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Plateau Crisis: You Are Not Doing Enough, Kaze Tells Gov Lalong

Soonest Nathaniel  
Updated August 30, 2021

 

A former member of the House of Representatives, Bitrus Kaze, has said that the Governor Simon Lalong-led administration has not done enough to change the dynamics of the conflict in Plateau State and secure properly the lives of the people.

“What has happened is largely a repeat of the things we have seen in the past,” the former lawmaker said on Monday while appearing as a guest on Channels Television’s Sunrise Daily.

“People will be attacked, when they react, the actors are picked. Government comes out to condemn, condemn and condemn; sometimes, a few visits here and there in hospitals, in the villages, and end of the story. There is nothing new to me.”

 

Vote Of No Confidence

The former lawmaker who represented the people of Jos South/East Federal Constituency in the National Assembly between 2011 and 2015, argued that there is more to governance than has been offered by the present administration.

“When I say enough has not been done, I mean, how many people, how many assailants – whether herdsman or gunmen, whether marauders or miscreants; how many have the state government arrested in the last six years?

“How many assailants have the state government prosecuted and even if they have not prosecuted, how many have they made public to say that we arrested A, B, C, D in X, Y, Z places; how many?” the rather emotional lawmaker questioned.

In his view, a typical Plateau indigene would want to know why the governor seemed to have sat idle when there were killings in Bokus, Barkin Ladi, Riyom, and Irigweland areas of the state.

He wondered why victims of attacks were not previously condoled and visited in the hospital, stressing that the present administration in the state has failed to live up to its promise.

“What has happened has shown that what they have said consistently, that this government is able to restore peace, has been debunked,” the statesman resolved.

As regards a two-week ultimatum issued by the State House of Assembly to the governor, asking him to take action, Kaze said it was really surprising that such a resolution was passed.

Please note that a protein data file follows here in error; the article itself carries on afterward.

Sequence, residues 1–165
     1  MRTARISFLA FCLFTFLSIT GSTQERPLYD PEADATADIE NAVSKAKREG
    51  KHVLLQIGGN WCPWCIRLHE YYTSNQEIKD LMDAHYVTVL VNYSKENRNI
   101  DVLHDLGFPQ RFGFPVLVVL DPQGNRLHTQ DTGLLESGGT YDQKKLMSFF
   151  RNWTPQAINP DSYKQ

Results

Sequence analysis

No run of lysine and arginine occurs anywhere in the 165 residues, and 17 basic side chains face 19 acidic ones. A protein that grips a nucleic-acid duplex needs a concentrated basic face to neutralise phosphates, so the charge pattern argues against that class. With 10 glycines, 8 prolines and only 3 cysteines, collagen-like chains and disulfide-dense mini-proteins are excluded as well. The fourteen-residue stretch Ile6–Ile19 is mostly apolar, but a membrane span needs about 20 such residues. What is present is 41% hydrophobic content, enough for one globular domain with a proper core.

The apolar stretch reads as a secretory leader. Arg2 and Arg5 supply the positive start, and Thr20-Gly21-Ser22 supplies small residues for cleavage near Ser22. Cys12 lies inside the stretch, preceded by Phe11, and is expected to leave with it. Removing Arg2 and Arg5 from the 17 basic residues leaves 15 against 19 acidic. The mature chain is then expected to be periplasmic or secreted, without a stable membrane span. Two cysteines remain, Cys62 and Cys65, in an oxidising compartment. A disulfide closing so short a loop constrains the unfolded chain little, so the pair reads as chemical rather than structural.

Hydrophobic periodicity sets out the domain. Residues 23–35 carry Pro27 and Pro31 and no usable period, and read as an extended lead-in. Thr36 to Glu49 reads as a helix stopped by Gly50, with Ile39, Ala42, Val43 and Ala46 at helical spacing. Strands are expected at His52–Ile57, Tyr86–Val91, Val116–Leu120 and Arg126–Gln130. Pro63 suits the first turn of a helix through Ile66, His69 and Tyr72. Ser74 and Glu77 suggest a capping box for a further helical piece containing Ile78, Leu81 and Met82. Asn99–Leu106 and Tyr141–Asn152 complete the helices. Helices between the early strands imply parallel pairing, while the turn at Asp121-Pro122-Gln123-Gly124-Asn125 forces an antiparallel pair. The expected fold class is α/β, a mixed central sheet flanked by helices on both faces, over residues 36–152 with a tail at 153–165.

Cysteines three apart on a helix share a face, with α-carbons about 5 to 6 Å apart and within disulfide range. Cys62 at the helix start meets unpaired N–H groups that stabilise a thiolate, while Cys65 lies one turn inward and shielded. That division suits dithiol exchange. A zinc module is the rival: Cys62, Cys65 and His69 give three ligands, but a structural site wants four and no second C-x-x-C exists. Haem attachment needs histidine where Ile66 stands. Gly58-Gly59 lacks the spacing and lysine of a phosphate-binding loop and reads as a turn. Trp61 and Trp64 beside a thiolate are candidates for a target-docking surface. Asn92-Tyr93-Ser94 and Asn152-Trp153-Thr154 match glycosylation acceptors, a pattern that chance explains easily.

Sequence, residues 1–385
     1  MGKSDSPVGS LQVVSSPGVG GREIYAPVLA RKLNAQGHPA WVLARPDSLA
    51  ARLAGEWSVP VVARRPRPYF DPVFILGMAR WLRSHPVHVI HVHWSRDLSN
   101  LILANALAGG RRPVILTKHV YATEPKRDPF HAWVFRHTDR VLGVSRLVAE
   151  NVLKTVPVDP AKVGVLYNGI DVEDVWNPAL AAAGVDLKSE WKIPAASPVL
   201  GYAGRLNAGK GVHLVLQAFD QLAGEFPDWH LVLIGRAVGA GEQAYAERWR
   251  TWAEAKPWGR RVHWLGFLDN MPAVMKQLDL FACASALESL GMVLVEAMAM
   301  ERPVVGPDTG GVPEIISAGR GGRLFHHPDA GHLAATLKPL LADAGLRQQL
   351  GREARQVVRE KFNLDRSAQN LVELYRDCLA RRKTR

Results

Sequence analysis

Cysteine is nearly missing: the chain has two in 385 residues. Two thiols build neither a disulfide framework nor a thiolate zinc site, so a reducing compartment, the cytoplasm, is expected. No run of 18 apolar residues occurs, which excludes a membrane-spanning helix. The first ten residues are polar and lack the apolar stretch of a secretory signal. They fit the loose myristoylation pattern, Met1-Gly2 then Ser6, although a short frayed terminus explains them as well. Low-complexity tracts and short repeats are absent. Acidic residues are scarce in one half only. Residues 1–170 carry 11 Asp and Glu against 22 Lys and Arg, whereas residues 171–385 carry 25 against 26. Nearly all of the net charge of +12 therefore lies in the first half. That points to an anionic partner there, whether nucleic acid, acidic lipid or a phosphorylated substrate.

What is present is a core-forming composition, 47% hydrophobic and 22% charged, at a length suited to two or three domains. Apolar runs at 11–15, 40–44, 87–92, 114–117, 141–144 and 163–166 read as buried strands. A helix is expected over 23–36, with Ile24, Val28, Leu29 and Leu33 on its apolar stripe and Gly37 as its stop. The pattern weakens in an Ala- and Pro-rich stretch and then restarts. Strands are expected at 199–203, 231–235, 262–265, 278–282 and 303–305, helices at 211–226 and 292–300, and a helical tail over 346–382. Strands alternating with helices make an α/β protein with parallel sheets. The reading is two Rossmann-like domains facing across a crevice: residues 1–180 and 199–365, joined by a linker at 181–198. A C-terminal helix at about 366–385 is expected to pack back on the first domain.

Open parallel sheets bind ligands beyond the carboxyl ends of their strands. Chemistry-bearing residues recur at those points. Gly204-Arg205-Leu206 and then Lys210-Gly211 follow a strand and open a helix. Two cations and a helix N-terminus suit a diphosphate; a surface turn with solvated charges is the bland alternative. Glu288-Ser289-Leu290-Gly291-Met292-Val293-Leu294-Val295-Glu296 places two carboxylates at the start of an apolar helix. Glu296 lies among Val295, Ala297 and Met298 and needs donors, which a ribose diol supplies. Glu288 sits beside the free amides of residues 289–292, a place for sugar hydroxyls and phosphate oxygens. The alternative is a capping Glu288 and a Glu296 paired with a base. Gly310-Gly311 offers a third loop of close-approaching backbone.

According to him, it is outrageous that the lawmakers have to ask the governor to speak, “Take care of the victims’ bills…these things are normal.”

 

‘Enough Is Relative’

Mr Kaze’s comments are an addition to several others regarding the degenerating situation in Plateau State.

One of the houses burnt during a recent attack on Yelwa Zangam community in Plateau State.

 

Recent killings in the north-central state stirred grave concerns that things could fall apart at any moment, a sad reminder of past animosities that disrupted the peace for a bit.

In a bid to see that calm is restored, the government was forced to order a curfew in several areas, some of which have since been lifted.

According to the State’s Commissioner for Information, Dan Majang, the government is doing “everything humanly possible” to see that the hostilities are brought to an end, with the perpetrators having to pay for their deeds.

Mr Majang who was also a guest on Monday on Sunrise Daily, said claims by Mr Kaze suggesting that the government is not doing enough, is only a play to the gallery.

In his viewpoint, “enough, in this case, is relative”.

The commissioner explained that through the peace-building agency, the governor has been inter-phasing with various warring communities.

“For example, with the Irigwe people, there have been (inter-phases) for up to 85 times between January and now. Government has issued out reliefs, has done so many things… has put in structures,” Mr Manjang stated, putting up a defence for the administration.

He warned against lip service when it comes to security matters, adding that matters such as the crisis in Plateau cannot be left to a few as it is an issue for every individual in the state.

While agreeing that there may be gaps in the peace-building process, the commissioner said the government is doing its best to resolve the issues at hand, and will not do so by stereotyping or apportion blames.